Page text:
Ed Little stopped by on Friday with one of his paintings after seeing the “Bristol Bits” photo of a painting by the late Bill Thomson that day which Ray Taillon brought into the office on Thursday. Ed’s work seems similar to that of Bill’s.
Ed is quite the talented fellow, not only painting with watercolors, but also as a vocalist and fiddle player. He’s a member of “Fiddlin’ Around” from Bristol and sings at different occasions, especially during military programs. He’s also active with the Korean War Veterans Association and a couple of months ago some of his paintings were on display at the New England Carousel Museum.
In the small world category, Ed said the last time he saw Ray was likely in 1951 when both were in the U.S. Army and stationed at Camp Pickett, Virginia. I find this interesting, because both live in town and are always all over the place, not having run into one another since Ray ate Ed’s cooking at Camp Pickett 70 years ago.
Anyway, both Ray and Ed are all-around talented guys. Ray has been a successful Senior Olympian, choral group singer and what have you.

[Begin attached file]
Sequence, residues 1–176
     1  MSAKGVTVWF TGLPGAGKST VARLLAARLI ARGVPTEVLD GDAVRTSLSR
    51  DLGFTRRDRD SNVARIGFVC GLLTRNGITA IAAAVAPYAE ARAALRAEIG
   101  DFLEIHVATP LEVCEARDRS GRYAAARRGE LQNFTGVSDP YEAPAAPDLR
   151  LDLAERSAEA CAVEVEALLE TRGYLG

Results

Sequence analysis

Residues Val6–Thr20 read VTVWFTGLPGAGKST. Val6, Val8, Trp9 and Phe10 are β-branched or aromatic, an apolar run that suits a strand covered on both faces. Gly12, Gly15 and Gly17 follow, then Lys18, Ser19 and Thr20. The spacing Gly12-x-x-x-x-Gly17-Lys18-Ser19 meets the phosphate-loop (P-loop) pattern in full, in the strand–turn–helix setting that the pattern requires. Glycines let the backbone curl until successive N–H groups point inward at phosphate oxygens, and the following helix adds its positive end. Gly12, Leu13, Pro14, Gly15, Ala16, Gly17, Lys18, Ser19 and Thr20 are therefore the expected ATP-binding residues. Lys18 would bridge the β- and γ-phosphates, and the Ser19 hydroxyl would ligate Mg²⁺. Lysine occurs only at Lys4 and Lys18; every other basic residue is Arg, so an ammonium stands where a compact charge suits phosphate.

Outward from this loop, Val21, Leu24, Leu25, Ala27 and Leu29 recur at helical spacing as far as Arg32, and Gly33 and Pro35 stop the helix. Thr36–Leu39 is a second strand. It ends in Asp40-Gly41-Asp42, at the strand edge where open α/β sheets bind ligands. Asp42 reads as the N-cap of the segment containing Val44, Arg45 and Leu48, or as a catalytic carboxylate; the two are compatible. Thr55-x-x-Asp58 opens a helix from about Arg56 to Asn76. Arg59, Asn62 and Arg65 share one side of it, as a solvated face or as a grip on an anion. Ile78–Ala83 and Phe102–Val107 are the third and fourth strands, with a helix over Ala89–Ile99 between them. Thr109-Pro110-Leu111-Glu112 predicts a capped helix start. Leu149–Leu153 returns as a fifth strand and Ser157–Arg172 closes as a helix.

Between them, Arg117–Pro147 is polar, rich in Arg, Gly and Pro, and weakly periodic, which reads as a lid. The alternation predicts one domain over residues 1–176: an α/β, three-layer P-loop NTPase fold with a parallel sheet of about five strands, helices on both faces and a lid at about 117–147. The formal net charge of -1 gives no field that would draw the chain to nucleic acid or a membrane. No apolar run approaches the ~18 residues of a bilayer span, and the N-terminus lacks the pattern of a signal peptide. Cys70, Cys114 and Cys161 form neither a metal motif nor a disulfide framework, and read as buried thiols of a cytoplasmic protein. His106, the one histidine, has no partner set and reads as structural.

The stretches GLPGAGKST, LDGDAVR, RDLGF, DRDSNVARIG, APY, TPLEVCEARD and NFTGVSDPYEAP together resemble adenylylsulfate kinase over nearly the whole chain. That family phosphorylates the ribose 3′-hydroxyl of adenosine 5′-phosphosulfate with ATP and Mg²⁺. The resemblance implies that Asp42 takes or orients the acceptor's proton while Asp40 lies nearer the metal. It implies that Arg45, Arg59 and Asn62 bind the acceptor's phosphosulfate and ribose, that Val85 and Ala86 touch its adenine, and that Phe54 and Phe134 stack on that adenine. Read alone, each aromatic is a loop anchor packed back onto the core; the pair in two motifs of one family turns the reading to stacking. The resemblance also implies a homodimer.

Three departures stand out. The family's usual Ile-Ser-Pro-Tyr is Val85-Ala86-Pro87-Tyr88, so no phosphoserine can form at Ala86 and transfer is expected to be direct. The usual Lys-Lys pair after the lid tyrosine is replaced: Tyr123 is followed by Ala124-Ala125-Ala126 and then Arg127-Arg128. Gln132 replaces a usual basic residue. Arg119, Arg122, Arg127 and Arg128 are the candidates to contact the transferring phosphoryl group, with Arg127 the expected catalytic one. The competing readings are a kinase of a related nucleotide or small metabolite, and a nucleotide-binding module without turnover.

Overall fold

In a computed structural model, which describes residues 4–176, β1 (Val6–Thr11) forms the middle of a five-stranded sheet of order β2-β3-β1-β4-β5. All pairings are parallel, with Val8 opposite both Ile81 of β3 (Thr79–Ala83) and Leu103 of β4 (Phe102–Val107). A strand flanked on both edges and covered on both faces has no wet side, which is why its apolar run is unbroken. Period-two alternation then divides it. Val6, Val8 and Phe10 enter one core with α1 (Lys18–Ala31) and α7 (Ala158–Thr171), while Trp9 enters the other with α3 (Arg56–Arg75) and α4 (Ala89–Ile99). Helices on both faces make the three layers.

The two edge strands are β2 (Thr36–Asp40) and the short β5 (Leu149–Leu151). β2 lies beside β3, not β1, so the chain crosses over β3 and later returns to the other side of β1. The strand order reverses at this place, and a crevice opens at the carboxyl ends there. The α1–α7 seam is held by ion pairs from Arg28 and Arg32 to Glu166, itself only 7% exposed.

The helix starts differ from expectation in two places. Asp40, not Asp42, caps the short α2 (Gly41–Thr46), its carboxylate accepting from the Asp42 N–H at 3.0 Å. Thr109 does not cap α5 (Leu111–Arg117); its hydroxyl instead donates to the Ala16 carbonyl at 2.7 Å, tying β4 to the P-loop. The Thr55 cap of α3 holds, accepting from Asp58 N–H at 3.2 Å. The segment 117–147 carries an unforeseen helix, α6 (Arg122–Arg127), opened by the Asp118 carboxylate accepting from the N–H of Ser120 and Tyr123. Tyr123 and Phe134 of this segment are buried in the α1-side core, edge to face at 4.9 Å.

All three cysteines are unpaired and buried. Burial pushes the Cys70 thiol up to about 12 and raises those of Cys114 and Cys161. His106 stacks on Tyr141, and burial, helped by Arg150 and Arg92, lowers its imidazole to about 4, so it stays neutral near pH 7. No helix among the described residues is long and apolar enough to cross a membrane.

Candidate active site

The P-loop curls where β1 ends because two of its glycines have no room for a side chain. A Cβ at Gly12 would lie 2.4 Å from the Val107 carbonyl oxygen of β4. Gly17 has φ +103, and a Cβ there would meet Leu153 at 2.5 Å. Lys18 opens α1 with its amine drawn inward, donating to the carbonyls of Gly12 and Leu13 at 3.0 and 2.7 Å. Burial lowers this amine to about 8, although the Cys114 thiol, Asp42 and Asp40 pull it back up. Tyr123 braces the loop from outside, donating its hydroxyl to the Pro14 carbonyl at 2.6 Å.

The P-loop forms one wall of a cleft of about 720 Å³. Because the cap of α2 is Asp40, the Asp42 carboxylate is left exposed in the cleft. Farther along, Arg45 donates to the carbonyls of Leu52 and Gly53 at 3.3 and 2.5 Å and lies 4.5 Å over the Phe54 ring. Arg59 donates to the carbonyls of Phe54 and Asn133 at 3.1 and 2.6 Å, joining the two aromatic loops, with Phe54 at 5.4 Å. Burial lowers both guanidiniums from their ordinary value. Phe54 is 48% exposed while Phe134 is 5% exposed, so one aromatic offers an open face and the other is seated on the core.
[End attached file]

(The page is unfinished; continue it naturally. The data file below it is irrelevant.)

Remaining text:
I’ve had many comments from readers on the late artist Bill Thomson and one was an email from Tom Boisvert. Tom lived on Arlington Street from the mid 1950s to early 1960s and Bill’s mother and brother lived on the street. Bill was older than Tom and would see him from time-to-time and was aware that he was an artist. With this, Tom asks a question:
“I remember he painted a tree in shades of green for the cover of a publication for some kind of Bristol commemoration during that time. I wonder if anyone else remembers that publication or has a copy?”
Every once in awhile, I learn something new about Dave Greenleaf, longtime Bristol Central, educator, coach and so many things more for the school. I knew he’d been active with the American Legion, but came across a couple of items which show him as both the chairman of the American Legion Boys State Commission and also the chairman of the Connecticut American Legion baseball program.
Plane crash witness
Gene L. Charette emailed me and recalled the Forestville plane crash:
“I also remember playing on Jeannette Street off of Pine when I heard that plane roaring down. I looked up and the pilot parachuted out of the plane and landed on property which was next to Seleman’s Auto, which was next to the Blue Lantern Restaurant on Broad Street in Forestville. Meanwhile, the plane crashed into a house on Bohemia Street about three houses from the traffic light on Pine Street. I will never forget that day!”
Why did Bristol go from a borough form of government to city in 1911?
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